Wednesday, July 7, 2010

Summer Boredom Busters

I don’t know about at your house, but my kids know that I hate to hear the words “I’m bored”.  Kids today have plenty of resources at their fingertips – toys, books, computer and handheld video games, television and movies, outdoor play areas, etc. etc. etc.  Even so, kids often do say they are bored, don’t they?  As a parent, I find that frustrating.  I work from home, so I don’t always have the time to drop what I’m doing and entertain my kids. 

My kids are homeschooled, so it’s not like their daily schedule changes all that much in the summer, with the exception of not having schoolwork to do each day.  We often start doing school 1-2 days a week in mid-July just to keep on a bit of a schedule and cut back on the boredom.  But, on the off days, I’m always looking for new and fun things for them to do.

Primrose Schools, the leader in educational child care, recommends encouraging imaginative play and having a plan in place to keep children's minds engaged during the summer months. Studies show that without stimulation, children can lose up to 60 percent of what they learned during the school year.

That's why Dr. Mary Zurn, Vice President of Education for Primrose, has come up with the list of ideas below as a starting point for summer activities that offer a balance between the freedom of child-initiated play time and more structured activities.

Here are 11 ideas parents can use to keep young minds active during the summer months:

1. Boredom Buster Jar: At the beginning of the summer, sit down with your family and brainstorm a list of activities that can be done alone or that you can enjoy doing together. Encourage your children to share their own ideas and help you decorate and label a simple jar as the family "Boredom Buster Jar."  They'll feel more involved in the project and more likely to think this is a "neat" idea, if they participate in the creation and idea generation. Next, write everyone's ideas down on slips of paper and as a group decide which ones should go in the jar. Anyone in the family can pull any idea out of the jar to fight the summertime boredom blues.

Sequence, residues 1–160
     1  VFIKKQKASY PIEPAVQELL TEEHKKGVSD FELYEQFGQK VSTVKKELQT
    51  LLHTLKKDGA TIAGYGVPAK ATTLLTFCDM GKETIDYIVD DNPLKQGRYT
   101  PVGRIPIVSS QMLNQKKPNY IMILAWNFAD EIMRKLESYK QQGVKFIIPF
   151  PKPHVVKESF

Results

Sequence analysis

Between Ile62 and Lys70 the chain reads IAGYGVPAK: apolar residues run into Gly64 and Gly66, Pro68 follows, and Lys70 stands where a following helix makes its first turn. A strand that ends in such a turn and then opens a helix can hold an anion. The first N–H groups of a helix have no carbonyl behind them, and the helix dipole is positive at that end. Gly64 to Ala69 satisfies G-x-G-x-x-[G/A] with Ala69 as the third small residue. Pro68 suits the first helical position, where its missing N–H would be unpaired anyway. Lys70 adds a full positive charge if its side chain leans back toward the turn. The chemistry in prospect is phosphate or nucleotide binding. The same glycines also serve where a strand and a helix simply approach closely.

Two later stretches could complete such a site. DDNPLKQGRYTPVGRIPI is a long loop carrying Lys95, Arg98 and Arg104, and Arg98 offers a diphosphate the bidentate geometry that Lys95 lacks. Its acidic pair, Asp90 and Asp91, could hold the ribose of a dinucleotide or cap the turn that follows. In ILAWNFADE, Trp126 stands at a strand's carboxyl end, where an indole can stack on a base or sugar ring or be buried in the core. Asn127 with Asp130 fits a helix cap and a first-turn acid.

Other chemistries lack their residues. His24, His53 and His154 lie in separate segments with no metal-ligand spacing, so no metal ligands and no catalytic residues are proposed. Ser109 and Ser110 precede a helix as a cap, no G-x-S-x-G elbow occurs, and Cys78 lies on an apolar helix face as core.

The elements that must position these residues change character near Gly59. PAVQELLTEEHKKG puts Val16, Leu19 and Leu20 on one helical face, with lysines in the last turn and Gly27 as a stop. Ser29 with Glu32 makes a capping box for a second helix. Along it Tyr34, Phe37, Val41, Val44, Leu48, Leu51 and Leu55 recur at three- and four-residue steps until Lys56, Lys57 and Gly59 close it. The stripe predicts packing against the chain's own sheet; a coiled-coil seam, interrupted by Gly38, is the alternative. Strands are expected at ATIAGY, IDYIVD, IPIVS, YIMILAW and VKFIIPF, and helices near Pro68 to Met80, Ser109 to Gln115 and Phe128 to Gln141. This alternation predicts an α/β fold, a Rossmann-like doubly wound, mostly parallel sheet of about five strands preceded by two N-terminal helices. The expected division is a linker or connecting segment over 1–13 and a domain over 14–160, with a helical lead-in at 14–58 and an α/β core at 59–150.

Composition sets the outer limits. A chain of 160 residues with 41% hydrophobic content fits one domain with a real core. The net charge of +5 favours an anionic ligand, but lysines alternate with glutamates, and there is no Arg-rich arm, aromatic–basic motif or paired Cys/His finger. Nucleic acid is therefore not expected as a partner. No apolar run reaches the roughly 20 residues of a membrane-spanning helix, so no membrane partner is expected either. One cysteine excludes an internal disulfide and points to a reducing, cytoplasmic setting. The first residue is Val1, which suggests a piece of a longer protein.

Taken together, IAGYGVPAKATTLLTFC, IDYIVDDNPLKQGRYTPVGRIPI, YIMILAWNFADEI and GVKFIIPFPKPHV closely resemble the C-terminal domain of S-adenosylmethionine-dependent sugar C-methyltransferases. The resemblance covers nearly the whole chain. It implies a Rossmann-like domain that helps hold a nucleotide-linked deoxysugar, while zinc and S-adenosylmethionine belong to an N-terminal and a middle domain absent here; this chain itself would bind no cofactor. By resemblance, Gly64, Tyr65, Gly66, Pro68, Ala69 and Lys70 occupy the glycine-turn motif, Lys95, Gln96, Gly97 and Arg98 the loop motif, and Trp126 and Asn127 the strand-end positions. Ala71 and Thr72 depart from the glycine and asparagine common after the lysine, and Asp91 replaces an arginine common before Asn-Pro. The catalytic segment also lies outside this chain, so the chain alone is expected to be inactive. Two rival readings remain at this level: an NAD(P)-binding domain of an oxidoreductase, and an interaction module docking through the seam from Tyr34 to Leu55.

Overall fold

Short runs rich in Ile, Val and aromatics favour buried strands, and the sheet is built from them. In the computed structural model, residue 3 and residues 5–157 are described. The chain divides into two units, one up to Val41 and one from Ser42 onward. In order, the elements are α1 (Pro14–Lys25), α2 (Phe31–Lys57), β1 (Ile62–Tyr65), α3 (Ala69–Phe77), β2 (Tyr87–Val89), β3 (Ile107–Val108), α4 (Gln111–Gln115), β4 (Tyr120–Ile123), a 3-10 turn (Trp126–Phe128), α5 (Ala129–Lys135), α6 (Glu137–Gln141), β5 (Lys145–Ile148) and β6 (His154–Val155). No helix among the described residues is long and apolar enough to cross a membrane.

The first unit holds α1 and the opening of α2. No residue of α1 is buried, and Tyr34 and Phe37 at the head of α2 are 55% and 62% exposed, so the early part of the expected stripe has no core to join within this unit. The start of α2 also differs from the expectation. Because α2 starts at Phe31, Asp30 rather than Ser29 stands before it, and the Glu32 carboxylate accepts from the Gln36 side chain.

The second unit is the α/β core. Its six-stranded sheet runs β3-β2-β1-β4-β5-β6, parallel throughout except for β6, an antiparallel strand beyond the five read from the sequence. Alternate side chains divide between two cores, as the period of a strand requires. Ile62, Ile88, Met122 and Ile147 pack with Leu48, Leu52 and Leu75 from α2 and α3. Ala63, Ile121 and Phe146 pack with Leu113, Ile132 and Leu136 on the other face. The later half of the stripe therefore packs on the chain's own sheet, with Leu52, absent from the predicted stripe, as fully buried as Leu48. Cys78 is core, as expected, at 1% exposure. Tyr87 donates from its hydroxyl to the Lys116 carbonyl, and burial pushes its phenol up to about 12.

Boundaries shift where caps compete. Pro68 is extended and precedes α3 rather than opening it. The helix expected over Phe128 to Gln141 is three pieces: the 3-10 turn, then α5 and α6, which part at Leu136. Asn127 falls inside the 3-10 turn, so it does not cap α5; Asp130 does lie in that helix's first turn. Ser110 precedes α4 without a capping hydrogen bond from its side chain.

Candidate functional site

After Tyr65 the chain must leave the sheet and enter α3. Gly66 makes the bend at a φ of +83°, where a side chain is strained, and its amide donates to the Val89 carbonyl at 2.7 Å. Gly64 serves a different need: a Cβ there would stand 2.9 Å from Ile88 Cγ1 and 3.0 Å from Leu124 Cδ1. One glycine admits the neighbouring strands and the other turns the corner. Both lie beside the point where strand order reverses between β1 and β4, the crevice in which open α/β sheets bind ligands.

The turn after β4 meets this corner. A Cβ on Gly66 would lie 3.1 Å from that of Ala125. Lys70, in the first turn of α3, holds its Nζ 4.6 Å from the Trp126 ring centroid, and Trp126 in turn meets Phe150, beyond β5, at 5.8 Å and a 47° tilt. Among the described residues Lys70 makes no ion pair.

2. Stories Alive: It sounds too simple, but reading is one of the most important ways to keep young minds engaged during the summer.Make reading even more fun by finding ways to bring the stories to life. For example, in the book Roxaboxen by Alice McLerran, children create a make-believe town in the desert out of rocks, boxes, and their imaginations. Read the book with your children and then challenge them to create their own town with materials they find in the backyard.

3. Art Start Box: You'll need to gather basic art supplies-child safe scissors, glue, markers, tape and construction paper. Put them in a special box along with empty oatmeal boxes and paper towel rolls, colorful magazines and bits of aluminum foil. Occasionally add a special surprise like chalk, stickers, or stamp pads so there's always something new for the children to find. Even if you normally have these supplies around the house, it's fun for children to know that the Art Start Box is just for them. They'll probably have some good ideas of other household items that can be recycled to fuel their creative energies.

4. Family Performances: Break out old clothes or costumes and encourage children to make up characters and create a play to act out.  They are the directors, actors, and producers.  They can also make musical instruments out of pots/pans, wooden spoons, empty canisters and have a parade; or everyone can play along to your family's favorite songs. Record or video the performances, and enjoy the replay.  You'll also be capturing a bit of family history everyone will enjoy for years to come.